These cardamom- and coconut-flavored cookies have a delicate, melt-in-your mouth texture from the semolina flour.
By Sawsan Abu Farha
Bolinhas are cardamom flavored coconut and semolina cake-like cookies from the Indian state of Goa. When they come out of the oven, they are a little crisp/ crunchy on the outside and soft on the inside. When they cool, their texture changes into a melt-in-the-mouth cloud of coconut and semolina with the wonderful taste of cardamom whispering from the back ground
What is unusual about these cookies is that they are made entirely with semolina and fresh grated coconut. There is no flour in them. To make them you have to allow the batter an overnight rest so that the semolina can soak up liquids. That is what results in the irresistible melt in your mouth cake-like cookie.
- 2 cups (500 ml) (5-1/3 oz) (150 gm) fresh grated coconut, packed
- 1-1/2 cups (360 ml) (9 oz) (250 gm) semolina
- 1-1/4 cups (300 ml) (8-3/4 oz) (250 gm) granulated sugar
- ¾ cup water (180ml) (6 oz) (175 gm) water
- A pinch of salt
- 2 tablespoons (30 ml) (1 oz) (30 gm) ghee (clarified butter) or melted unsalted butter
- 2 large eggs
- 8 to 10 pods cardamom, powdered (about 1-1/2 teaspoon)
- Run the grated coconut in your processor or the small jar of your blender a couple of times so that the flakes are smaller and uniform in texture. Do not grind into a paste. Keep aside.
- Put the semolina in a pan and toast/ roast it, over low to medium heat, until it starts giving off an aroma, and looks like it’s about to start changing colour. This should take a couple of minutes. Do not brown. Transfer the semolina into a bowl and keep aside.
- In the same pan, pour the water and add the sugar to it. Place it on medium heat and keep stirring until the sugar dissolves completely. Once the sugar has dissolved, keep stirring the solution and let it cook for about 2 minutes. Turn off the heat. The sugar solution should just begin to start forming a syrup but is still watery. Do not cook until it forms a thick syrup.
- Add the toasted/ roasted semolina and mix well. Then add the coconut, salt and ghee (or melted butter) and mix well. Put the pan back on the stove, and over medium heat stir the coconut mixture until it is really hot and easily forms a thick clump. This should take about 2 to 3 minutes.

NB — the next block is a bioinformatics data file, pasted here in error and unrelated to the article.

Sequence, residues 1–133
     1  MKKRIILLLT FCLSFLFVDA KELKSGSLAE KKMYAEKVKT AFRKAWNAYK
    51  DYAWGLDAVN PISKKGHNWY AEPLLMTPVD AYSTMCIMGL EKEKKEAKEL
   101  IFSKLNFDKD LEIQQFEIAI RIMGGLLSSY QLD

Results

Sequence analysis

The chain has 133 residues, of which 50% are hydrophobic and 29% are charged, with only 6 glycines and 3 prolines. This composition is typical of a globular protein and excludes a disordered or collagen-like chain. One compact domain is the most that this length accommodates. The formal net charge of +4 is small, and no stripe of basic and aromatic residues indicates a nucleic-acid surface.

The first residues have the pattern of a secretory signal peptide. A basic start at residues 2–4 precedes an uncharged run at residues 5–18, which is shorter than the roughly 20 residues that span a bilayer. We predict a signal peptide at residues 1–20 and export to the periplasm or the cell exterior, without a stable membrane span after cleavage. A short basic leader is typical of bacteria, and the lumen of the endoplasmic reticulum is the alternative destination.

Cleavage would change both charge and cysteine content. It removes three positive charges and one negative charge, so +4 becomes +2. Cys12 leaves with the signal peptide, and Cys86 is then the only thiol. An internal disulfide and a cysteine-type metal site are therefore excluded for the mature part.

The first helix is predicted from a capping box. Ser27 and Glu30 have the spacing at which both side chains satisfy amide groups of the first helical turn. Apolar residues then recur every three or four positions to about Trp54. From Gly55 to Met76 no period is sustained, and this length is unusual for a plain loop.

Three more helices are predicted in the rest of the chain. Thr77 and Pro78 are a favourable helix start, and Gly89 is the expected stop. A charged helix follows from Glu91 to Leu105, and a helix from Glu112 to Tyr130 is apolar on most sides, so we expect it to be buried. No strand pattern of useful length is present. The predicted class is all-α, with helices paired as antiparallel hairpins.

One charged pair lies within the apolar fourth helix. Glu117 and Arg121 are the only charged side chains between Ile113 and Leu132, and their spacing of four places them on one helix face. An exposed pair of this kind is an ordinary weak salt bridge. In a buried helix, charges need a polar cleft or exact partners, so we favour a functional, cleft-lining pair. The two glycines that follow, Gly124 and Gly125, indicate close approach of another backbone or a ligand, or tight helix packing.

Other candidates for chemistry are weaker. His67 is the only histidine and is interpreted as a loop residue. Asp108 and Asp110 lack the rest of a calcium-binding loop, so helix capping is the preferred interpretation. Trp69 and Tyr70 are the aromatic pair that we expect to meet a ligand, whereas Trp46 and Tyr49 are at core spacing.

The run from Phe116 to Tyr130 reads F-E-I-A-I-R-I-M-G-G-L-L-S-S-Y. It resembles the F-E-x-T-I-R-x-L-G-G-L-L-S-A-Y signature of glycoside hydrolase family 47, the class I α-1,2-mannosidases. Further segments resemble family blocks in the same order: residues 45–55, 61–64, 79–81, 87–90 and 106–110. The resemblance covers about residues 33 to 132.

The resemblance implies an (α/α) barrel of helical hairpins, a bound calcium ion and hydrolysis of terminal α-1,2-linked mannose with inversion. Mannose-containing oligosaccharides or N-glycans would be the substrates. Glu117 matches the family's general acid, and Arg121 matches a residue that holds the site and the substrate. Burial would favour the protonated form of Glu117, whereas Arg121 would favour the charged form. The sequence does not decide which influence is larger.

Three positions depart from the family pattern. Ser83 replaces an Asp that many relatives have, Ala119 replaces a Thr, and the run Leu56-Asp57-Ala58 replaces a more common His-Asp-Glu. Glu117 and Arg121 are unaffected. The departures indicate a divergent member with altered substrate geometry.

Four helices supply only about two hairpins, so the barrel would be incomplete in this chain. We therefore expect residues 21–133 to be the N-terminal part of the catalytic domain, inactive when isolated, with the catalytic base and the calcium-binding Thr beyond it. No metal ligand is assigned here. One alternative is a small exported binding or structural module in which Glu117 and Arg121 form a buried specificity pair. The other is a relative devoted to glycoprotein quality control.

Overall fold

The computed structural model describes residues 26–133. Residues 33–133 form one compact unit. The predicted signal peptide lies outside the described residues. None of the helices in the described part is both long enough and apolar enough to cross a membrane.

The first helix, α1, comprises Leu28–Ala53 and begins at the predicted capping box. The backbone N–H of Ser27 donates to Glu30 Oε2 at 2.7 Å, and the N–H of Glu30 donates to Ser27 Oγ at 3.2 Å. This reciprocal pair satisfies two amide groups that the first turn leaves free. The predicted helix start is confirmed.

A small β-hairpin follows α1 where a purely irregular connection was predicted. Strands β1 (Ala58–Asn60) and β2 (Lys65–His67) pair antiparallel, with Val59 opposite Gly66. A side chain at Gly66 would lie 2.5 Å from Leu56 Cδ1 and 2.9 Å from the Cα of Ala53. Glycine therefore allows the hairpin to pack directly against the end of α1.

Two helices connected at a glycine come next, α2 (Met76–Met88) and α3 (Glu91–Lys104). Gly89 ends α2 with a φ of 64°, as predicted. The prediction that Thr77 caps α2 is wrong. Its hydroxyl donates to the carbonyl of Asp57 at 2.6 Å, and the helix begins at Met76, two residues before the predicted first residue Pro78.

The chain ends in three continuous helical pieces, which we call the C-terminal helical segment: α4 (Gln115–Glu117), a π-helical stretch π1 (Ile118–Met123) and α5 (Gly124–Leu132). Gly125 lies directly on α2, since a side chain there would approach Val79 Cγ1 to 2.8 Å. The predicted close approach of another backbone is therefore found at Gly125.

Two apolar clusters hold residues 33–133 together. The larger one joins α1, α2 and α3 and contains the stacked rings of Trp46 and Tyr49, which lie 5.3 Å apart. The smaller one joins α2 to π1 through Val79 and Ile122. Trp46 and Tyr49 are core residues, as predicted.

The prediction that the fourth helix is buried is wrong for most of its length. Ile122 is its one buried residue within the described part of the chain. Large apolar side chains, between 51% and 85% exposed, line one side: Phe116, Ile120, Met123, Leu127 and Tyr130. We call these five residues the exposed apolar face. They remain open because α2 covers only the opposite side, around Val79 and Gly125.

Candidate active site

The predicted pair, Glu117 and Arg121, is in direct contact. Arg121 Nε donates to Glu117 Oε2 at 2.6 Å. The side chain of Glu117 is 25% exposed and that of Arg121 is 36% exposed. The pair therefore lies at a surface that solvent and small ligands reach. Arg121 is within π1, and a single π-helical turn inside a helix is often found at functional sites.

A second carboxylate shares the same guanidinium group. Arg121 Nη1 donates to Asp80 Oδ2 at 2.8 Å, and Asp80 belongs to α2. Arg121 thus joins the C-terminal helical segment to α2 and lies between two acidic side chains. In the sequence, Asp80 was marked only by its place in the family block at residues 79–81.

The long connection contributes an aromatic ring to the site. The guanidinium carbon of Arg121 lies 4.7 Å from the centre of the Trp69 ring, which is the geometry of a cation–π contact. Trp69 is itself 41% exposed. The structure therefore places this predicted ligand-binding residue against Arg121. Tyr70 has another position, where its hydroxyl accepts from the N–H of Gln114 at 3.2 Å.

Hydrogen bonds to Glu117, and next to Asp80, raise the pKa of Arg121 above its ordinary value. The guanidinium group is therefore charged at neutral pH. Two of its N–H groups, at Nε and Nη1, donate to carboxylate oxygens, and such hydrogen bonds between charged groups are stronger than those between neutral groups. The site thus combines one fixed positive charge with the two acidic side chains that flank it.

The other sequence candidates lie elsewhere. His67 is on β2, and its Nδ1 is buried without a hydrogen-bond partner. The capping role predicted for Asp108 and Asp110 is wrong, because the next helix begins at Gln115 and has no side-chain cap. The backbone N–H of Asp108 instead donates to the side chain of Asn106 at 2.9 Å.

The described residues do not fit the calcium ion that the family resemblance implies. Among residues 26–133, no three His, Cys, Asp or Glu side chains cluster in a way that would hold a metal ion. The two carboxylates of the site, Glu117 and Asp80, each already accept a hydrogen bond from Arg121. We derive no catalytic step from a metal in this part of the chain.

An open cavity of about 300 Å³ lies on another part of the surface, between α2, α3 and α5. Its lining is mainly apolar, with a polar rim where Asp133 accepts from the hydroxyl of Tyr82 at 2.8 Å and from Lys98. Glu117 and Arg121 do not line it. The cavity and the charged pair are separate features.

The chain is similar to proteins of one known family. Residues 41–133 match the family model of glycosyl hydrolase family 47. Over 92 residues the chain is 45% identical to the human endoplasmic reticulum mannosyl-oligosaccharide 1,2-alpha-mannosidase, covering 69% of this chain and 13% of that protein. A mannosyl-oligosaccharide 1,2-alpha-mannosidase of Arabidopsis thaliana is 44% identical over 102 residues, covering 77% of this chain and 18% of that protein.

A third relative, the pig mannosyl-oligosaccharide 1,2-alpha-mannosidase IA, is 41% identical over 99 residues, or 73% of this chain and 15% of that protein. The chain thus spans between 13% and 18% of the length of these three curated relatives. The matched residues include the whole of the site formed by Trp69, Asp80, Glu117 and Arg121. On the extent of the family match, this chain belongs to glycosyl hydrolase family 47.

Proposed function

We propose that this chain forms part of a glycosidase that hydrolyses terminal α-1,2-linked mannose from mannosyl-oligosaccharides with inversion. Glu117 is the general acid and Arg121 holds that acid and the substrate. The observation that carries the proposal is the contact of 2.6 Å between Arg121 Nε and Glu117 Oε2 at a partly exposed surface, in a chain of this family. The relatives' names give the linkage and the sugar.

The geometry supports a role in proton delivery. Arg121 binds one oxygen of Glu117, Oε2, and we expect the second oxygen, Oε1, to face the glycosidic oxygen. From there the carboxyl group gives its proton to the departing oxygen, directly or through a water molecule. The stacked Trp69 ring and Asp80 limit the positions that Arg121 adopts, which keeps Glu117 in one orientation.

- Take the pan off the heat and let the semolina coconut mixture cool to room temperature. Transfer this into a bowl or container, cover and refrigerate for at least 8 hours, ideally overnight. For really fluffy biscuits/ cookies, the overnight rest is recommended.
- The next day, take the dough out of the fridge and let it come to room temperature. Separate the yolks from the egg whites.(See notes) Lightly beat the yolks with a fork to break them and add to the dough. Also add the powdered cardamom and mix well with a wooden spoon or fork.
- Whisk the egg whites by hand until frothy and add to the dough. Mix well till incorporated.
- You will now have a slightly moist and sticky dough. Refrigerate this dough for about half an hour so it firms up a bit.
- Pre-heat your oven to moderate 180°C/350°F/gas mark 4. Line your baking trays with parchment or grease them well with some ghee or melted butter.
- Take the dough out and pinch off walnut sized bits of dough. The dough should be firm enough to handle without difficulty. If the dough is sticking to your palms, lightly dust your palms with flour before shaping the dough. Roll the bits of dough into balls and then flatten them very slightly.
- Decorate the top by marking criss-crosses (3 equidistant lines one way and another 3 crossing them at right angles), with a table knife. Press down a bit but not too deep or right through the biscuit/ cookie. Use up all the dough this way.
- Place the shaped dough on the baking trays leaving a little space between them. Bake in a preheated moderate oven for about 20 to 25 minutes until they’re a golden brown and done. Let them cool on the sheets for about 5 minutes and then transfer to racks to cool completely.
- Store the biscuits/ cookies in airtight containers. This recipe makes about 4 dozen Bolinhas de Coco.
Passionate food explorer Sawsan Abu Farha lives in Jordan and enjoys mixing east and west in her kitchen aiming to get the best of both worlds.Juggling work, motherhood, blogging and a passion for food and food photography, she shares her journey in her blog "Chef in disguise".